Which of the 40 largest airports in the U.S. would most likely spread disease in the event of an outbreak in the cities they serve?
Researchers at the Massachusetts Institute of Technology's Civil and Environmental Engineering department studies show John F. Kennedy International Airport in New York and Los Angeles International Airport were first and second, while, Honolulu International Airport ranked third.
An airport's ranking on the researchers' list was not necessarily tied to its size or busyness.
For example, even though Honolulu International Airport carries only 30% as much traffic as Kennedy, it has its place on the list because it has many connections to distant, large, and well-connected hubs.
The study, published July 19 in the journal PLoS ONE, factored in data such as the airports' geographic locations, passengers' travel patterns, interactions between airports and even passenger waiting times.
Following Kennedy, Los Angeles and Honolulu on the list are San Francisco International Airport, Newark Liberty International Airport, Chicago O'Hare International Airport, and Washington Dulles International Airport. Atlanta, Miami International Airport and Dallas/Fort Worth International Airport round out the top 10.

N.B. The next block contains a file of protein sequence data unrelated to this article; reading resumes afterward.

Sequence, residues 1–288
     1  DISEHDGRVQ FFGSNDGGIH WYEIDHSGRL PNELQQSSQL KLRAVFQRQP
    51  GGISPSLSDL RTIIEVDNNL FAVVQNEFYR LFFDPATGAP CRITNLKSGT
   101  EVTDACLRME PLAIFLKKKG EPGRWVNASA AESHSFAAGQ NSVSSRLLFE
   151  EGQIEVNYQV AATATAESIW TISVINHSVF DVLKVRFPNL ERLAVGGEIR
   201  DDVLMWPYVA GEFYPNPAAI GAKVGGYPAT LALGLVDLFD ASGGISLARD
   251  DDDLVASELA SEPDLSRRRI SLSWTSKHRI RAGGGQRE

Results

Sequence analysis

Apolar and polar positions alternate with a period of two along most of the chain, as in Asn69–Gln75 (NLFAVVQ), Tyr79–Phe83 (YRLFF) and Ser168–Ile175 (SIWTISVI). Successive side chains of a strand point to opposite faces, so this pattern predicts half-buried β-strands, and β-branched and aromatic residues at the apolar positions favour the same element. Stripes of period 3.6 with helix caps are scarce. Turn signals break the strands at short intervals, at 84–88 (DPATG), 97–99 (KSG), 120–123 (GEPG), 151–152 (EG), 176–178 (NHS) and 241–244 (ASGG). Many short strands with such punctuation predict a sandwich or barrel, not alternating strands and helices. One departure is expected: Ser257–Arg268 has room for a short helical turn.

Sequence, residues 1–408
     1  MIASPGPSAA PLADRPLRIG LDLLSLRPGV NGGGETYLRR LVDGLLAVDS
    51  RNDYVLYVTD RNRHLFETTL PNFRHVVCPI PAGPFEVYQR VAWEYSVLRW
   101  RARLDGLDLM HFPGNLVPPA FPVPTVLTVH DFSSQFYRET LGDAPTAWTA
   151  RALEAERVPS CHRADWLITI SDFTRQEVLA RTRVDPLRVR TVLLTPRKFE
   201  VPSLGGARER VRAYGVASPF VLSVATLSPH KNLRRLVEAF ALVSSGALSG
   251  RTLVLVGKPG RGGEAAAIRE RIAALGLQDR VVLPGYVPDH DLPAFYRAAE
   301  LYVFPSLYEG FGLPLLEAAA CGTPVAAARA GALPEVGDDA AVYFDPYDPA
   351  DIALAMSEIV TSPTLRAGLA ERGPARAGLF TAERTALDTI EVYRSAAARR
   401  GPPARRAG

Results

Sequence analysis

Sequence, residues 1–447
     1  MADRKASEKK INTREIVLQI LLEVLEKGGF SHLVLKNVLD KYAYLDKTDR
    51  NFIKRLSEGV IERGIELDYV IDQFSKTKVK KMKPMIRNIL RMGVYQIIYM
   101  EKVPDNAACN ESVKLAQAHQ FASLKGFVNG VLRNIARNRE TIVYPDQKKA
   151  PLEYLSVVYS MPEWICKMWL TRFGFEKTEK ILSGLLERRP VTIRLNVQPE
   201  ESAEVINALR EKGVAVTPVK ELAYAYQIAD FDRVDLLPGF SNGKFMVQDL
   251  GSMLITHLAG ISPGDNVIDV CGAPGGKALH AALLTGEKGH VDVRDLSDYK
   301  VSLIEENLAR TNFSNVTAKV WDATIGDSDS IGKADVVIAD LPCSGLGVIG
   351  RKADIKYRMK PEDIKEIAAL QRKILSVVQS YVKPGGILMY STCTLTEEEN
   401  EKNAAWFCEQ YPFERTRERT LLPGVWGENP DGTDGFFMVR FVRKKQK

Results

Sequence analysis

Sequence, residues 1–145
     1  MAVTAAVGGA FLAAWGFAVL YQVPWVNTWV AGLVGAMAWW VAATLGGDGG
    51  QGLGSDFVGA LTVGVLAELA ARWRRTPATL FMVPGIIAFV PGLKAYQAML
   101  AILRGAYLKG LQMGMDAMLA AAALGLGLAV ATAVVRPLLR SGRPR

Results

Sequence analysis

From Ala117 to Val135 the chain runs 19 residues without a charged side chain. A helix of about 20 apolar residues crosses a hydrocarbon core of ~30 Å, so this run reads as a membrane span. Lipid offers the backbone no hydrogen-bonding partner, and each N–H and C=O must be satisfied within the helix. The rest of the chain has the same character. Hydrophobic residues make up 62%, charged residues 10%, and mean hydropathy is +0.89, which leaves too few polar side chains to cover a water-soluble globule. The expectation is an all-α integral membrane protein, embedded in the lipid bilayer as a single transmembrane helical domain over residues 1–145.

Existing models look only at the final stages of an epidemic and the places that ultimately develop the highest infection rates. The researchers say their new model can help determine ways to contain an infection in a specific area.
Prof. Yamir Moreno of the University of Zaragoza, who studies complex networks and spreading patterns of epidemics, says, "The work done by the MIT team paves the way to find new containment strategies" because it allows a better understanding of the patterns characterizing the initial stages of a disease outbreak.
A CNN Wires report.